The Fairfield Review
About The Summer 2003 Edition
The Summer 2003 Edition takes us to lands far and wide in a traveling theme-- so if you haven't been able to get away, or if you feel as though you still need an escape, you're in for a treat. We then move into the poetry of childhood and adolescence, and visit other themes as we meander back to the academic rigors of autumn and winter.
Since we arrive at your doorstep in August, we'll start with Europe, where everyone is off on holiday for the month. Steven Scarpa takes us to the charming hills of Fiesole, Italy with Brother Nicholas Running. Feeling full of grace, in the truest sense of the word, we venture to sunny Mexico, thanks to Cary Griffith, in Why I want to Live in Mexico and Mexican Monuments. Rebecca Clark tells us about finding treasures as part of the journey in On Our Way. Our tour goes on with Celia Rosales' short story Corrida, which takes us from California to Madrid. We end back in the U.S., somewhere on the Great Plains, perhaps, in the heat of summer in Drought, by Jane Frazier.
Leaving the travel motif, we enter the mind of youth. Remember what it was like with our classic poem by Robert Louis Stevenson, a child's verse, entitled Bed In Summer, which sums up many of our feelings about the joys of summer and the difficulty of facing any type of bedtime. Continue with While the Music Played, by Louis McKee, and Martyrs, by B. D. Lynch. The memories are not always happy; continue on in Lynch's voice, in Lily's Room. Bruce P. Spang is also eloquent about the tragedy of the young, in Excuses.
To lift your spirits at this point, we introduce you to one of our Editor's Choice winners, Bonnie Enes, with Poet, as she writes about the richness of the five senses. In that educational vein, keep Martha F. Fox company during her Teacher's Insomnia. As we anticipate the change of seasons, there are other events, such as elections. John Sweet offers his take in a revelation, slowly. We turn to matters of love and loss in Kirby Wright's Poem for an Actress and Humane Society, by Bruce P. Spang, and we finish the theme on a jovial note with Kate Moses' Hat, our other Editor's Choice Award Winner for this issue.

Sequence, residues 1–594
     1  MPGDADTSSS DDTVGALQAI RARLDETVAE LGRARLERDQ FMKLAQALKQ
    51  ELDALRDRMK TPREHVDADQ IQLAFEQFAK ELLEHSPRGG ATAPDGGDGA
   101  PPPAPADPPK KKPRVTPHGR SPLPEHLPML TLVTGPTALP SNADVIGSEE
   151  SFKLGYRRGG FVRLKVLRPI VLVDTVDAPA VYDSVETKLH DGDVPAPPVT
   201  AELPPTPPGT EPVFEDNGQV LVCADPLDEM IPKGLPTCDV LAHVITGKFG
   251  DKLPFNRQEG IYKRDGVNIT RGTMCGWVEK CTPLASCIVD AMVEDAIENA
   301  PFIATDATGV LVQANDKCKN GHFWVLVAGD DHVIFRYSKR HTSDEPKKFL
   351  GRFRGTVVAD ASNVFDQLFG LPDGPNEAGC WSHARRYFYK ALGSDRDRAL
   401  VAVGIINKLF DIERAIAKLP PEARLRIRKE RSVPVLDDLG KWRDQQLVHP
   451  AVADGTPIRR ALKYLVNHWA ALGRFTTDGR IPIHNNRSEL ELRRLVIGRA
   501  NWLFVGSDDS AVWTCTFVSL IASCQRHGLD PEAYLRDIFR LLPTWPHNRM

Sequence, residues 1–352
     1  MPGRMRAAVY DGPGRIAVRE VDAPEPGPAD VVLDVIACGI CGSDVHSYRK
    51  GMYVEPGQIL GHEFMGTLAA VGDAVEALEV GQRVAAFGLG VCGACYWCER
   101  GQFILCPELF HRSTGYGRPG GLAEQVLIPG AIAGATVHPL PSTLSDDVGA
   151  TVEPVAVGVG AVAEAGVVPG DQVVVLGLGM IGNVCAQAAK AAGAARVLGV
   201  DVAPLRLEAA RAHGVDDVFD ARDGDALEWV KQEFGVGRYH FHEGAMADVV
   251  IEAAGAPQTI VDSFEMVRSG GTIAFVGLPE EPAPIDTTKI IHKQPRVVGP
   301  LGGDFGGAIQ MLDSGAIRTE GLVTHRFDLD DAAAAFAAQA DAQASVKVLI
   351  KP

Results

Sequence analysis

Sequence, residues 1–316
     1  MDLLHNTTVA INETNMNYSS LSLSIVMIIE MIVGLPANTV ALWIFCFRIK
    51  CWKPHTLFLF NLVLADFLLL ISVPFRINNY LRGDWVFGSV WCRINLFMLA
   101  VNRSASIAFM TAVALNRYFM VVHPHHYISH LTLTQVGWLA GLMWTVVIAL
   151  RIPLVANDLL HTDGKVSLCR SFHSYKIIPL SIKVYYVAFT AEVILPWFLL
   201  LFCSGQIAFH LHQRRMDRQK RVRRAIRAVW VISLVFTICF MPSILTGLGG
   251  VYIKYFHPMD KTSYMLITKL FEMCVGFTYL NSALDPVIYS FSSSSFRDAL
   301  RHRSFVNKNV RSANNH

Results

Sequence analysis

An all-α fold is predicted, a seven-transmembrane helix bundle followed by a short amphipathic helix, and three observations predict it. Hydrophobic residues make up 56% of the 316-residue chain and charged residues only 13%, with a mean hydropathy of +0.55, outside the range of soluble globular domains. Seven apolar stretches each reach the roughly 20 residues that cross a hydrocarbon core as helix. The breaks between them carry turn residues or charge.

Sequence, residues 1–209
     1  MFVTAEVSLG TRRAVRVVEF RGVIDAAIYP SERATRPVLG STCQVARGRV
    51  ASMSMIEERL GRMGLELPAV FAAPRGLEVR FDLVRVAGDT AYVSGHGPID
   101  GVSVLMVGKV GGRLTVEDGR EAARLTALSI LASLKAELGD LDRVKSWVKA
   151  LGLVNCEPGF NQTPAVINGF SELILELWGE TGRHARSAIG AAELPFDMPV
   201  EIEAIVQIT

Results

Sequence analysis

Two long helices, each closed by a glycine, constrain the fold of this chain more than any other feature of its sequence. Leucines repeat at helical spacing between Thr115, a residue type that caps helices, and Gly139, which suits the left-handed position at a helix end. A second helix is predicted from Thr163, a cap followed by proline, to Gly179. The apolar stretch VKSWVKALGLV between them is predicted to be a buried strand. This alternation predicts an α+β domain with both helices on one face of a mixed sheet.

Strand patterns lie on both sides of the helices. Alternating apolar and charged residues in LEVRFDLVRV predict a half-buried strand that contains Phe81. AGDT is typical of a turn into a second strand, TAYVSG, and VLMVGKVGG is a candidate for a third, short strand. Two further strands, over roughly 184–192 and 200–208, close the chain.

Too soon, cooler weather will be upon us, as our writers attest. Bonnie Enes will be thinking of these August days and warmer climes, as she tells us in Island in Winter. We end this issue in the white of winter, in the slow time of night, first with Miles, at Two in the Morning, by Louis McKee and then with By the Almanac by Taylor Graham. We hope you've enjoyed it.
If you have not yet seen the announcement, we are proud of the release of our first printed publication: The Best of the Fairfield Review: 1997 - 2002. This edition, which highlights our favorite offerings from our first six years, is now available on-line. Please feel free to take a peek, and to order from us. Your support goes directly towards the continuation of our free, on-line publication, and we thank you for your ongoing interest and enthusiasm on our behalf.
Please be sure to send us your comments and suggestions for future issues by filling out our Guest Book or dropping us a note via email to fairfieldreview at hpmd dot com **
You can find a complete list of this issue's writings in the table of contents and information about contributors in About the Authors.
We are happy to have our electricity back in order to bring you this new issue. It was exciting here, without power! We cooked outside on the grill, carried flashlights, ate by candle-light. In retrospect, it was not a momentous event, as we got our power back in time to save the food in the refrigerator, shower in the morning. In the meantime, it was wonderful to reconnect with the written word again: to sit outside, under the quiet sky, reading a book aloud to a child who had nothing else to do but sit and listen for a while.
We looking forward to hearing from you as you shake out the beach from your life and get back into the fall seriousness of life. We are off the to the CT Poetry Festival* in New London, CT. Best wishes for the end of summer!
* See Charles Rafferty's poem, Form Letter, from the festival.
** Please replace the "at" and "dot" with the usual email characters. (This helps keep the SPAM search engines at bay :)
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Document last modified on: 09/10/2003